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Human Right Watch Urge Bush to Explain the Fate of 38 Detainees Gone Missing in CIA 'Black Sites'

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posted on Feb, 28 2007 @ 08:14 PM
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Human Right Watch Urge Bush to Explain the Fate of 38 Detainees Gone Missing in CIA 'Black Sites'


Source Link: news.scotsman.com

UP TO 38 people who may have been held in secret CIA prisons are missing, according to a human rights group.

A new report by Human Rights Watch (HRW) also details a terrorist suspect's allegations that he was held for over two years at a so-called "black site", where he was kept naked for six weeks and chained to the wall of his cell so tightly that he could not stand up.

Marwan Jabour alleged he was placed in painful stress positions that made it difficult to breathe and was threatened with being put in a suffocating "dog box" if he did not co-operate.
(visit the link for the full news article)

Related News Links:
www.irishexaminer.com
news.bbc.co.uk

Related AboveTopSecret.com Discussion Threads:
CIA Holds Terror Suspects in Secret "Black Site" Prisons
WAR: Rice Criticizes Europe Over Secret Prisons Complaints
Germany Takes Action, Issues Warrants to Arrest 13 CIA Agents

[edit on 28-2-2007 by khunmoon]




posted on Feb, 28 2007 @ 09:04 PM
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Since when the Bush administration listens to what others say . . .

Bush is running a war and he is in charge . . . and terrorist has not rights.


What a hypocrisy . . . for one side we have

The US government has long condemned these abusive practices in its policy statements and annual human rights reports," Hare's Ghost Prisoner report said. "Its own use of them severely undermines its moral authority on human rights."


Is very nice to tell the world how to run their business but don't you dare to tell The bush administration how to run his.



posted on Feb, 28 2007 @ 09:21 PM
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I think the human rights watch should spend their time on the hundreds of thousands of people dying in Darfur.

Where's the UN on this one? Before you complain about 38 suspected terrorists' whereabouts you should consider what is happening to these innocents in this region.



posted on Feb, 28 2007 @ 10:10 PM
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Darfur, you say!? Erhmm... what.. what about Iraq?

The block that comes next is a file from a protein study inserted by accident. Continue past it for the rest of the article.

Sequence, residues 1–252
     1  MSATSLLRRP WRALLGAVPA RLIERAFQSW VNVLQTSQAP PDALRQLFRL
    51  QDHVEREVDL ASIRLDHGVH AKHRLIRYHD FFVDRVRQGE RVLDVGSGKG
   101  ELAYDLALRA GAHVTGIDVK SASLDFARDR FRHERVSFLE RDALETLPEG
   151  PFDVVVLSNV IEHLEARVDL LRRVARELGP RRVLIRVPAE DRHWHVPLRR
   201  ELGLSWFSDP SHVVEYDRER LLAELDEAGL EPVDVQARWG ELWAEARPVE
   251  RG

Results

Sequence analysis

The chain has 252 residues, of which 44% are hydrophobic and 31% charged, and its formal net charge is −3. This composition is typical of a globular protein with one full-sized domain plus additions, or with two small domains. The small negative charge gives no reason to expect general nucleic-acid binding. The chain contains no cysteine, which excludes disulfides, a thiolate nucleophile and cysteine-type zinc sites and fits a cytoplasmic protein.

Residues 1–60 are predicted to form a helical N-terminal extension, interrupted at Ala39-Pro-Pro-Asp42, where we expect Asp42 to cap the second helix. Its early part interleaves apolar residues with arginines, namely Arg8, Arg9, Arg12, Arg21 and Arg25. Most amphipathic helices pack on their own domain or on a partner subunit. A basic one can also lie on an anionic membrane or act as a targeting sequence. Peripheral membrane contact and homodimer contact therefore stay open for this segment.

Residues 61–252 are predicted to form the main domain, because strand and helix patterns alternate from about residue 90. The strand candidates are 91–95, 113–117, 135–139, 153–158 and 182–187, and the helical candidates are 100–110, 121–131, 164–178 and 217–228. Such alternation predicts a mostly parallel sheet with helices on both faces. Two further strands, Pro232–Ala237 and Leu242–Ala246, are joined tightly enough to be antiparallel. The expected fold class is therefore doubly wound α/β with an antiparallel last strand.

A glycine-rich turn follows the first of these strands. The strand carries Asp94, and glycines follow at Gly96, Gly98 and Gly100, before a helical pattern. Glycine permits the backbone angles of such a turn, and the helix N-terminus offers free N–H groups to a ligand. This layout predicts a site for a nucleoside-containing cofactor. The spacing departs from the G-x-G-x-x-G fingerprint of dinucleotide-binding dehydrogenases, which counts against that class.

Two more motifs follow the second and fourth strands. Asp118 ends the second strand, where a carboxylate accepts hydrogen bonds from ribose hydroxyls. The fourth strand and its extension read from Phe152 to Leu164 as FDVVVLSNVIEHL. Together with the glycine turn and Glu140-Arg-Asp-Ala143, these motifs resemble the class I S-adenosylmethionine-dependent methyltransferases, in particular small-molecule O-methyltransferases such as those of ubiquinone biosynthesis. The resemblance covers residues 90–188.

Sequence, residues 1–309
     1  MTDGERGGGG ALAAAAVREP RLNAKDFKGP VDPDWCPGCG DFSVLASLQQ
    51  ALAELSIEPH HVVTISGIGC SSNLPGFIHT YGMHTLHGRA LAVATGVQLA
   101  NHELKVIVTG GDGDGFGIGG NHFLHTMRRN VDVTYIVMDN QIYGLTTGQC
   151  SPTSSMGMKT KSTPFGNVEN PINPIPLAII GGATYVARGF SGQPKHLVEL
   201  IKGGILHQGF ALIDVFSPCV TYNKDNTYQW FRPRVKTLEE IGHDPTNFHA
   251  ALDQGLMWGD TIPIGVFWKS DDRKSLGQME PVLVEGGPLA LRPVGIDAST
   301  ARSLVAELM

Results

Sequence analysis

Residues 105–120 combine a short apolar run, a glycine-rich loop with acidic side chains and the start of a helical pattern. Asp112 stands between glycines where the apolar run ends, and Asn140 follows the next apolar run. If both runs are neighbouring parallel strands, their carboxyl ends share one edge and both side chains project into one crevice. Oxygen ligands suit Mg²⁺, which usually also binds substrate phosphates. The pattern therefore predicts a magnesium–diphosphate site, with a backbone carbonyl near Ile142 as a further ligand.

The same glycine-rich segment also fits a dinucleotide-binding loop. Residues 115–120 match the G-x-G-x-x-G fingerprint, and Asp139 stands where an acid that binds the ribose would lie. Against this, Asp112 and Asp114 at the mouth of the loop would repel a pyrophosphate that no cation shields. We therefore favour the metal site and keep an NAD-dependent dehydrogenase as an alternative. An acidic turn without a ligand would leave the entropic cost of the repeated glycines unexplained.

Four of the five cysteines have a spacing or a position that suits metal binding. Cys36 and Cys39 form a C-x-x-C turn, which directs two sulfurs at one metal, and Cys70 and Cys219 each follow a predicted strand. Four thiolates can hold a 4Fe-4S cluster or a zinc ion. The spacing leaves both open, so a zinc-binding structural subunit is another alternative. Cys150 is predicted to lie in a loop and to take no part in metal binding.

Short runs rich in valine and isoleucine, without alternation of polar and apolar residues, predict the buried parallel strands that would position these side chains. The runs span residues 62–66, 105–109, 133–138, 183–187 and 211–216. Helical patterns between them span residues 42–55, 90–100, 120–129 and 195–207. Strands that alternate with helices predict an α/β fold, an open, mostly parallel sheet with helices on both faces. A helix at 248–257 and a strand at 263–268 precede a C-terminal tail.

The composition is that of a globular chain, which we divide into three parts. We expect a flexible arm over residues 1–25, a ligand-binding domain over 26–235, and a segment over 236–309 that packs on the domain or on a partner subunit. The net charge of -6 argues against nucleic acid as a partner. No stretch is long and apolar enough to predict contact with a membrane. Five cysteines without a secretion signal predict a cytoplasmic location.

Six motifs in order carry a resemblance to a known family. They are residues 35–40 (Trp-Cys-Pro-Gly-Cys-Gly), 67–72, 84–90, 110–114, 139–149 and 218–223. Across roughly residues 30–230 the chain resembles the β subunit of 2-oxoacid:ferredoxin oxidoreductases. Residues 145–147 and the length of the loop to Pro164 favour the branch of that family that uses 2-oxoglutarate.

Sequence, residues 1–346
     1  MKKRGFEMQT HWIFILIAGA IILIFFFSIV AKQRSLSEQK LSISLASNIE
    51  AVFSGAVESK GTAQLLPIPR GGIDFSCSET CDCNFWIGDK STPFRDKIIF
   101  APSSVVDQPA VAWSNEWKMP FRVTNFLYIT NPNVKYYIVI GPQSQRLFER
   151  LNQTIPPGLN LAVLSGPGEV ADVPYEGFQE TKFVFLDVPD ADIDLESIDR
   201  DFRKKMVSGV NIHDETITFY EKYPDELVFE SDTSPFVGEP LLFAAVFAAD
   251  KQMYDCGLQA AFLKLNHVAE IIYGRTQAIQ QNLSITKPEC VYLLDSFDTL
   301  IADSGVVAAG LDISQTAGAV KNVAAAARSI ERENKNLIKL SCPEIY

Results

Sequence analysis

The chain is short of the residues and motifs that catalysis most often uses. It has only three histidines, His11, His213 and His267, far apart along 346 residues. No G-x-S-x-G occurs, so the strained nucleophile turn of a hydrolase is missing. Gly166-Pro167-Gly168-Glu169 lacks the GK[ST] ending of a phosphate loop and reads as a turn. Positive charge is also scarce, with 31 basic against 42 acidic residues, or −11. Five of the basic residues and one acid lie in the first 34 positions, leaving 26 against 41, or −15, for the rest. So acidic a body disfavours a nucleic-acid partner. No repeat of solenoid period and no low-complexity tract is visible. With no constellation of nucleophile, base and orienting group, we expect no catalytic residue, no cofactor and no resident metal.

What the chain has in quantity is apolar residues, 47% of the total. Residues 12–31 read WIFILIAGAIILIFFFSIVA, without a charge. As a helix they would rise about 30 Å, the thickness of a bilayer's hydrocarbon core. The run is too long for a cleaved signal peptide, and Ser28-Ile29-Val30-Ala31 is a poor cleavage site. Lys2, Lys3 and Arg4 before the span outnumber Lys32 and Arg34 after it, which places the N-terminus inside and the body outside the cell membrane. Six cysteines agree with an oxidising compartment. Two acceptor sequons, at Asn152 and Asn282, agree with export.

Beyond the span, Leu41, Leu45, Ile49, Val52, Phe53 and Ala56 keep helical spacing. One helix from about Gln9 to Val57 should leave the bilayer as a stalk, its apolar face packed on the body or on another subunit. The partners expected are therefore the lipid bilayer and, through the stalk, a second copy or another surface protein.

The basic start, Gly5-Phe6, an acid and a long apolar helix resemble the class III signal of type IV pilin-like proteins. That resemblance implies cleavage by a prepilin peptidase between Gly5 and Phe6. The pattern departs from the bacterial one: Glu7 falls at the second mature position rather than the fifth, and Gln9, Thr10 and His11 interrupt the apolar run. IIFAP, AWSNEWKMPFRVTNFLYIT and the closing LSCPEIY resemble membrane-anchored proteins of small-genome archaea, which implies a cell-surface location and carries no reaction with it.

US counterterrorism officials would not confirm the account, but said they say they still viewed Mr Jabour as one of al Qaida’s most dangerous members.
(from the Irish Examinier link)
Then the ones gone missing must have been really bad.

I just wonder where they dispose the bodies. Could they --like the Mob use to-- dumb them into the foundations poured when they make constructions. Like the freedom tower.

Nah... only speculations.



posted on Feb, 28 2007 @ 11:27 PM
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Originally posted by JacKatMtn

Before you complain about 38 suspected terrorists' whereabouts you should consider what is happening to these innocents in this region.



Why on earth should we ignore one injustice to focus exclusively on another? Deflection.


Everyone is important, imo.

And as a 'super power,' the USA has a responsibility to be a good role model.



posted on Mar, 1 2007 @ 12:14 AM
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I agree with you soficrow. I also think it's complete crap that these people are being held indefinately without any rights. What's even worse is they can't even use the US court system to try and defend themselves. The thing is they are SUSPECTED terrorists, they have not been tried nor formally charged. This whole thing always has and is still reminiscent of holocaust like concentration camps. If lots of these people die and more go missing I hope Bush gets charged with crimes against humanity and has to pay for what his administration has done to these people. Especially since 9/11 is looking more and more like a false flag op than a simple terrorist attack.



posted on Mar, 1 2007 @ 01:32 AM
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The bigger issue would of course be Darfur, but this is also worthy of an investigation, because not only is is believed to have happened, it's likely to happen again and again. This investigation will limit the government's power in a way to keep it from ever occurring to its own citizens.

Torture is not legal here in the US, but if the rules of the current administration are continued, who's to say that you wont be sent to another country to have information extracted from you through torture, for allegedly committing a crime?



posted on Mar, 1 2007 @ 07:41 AM
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Here's a press release from Human Rights Education Associates about the HRW report.
www.hrea.org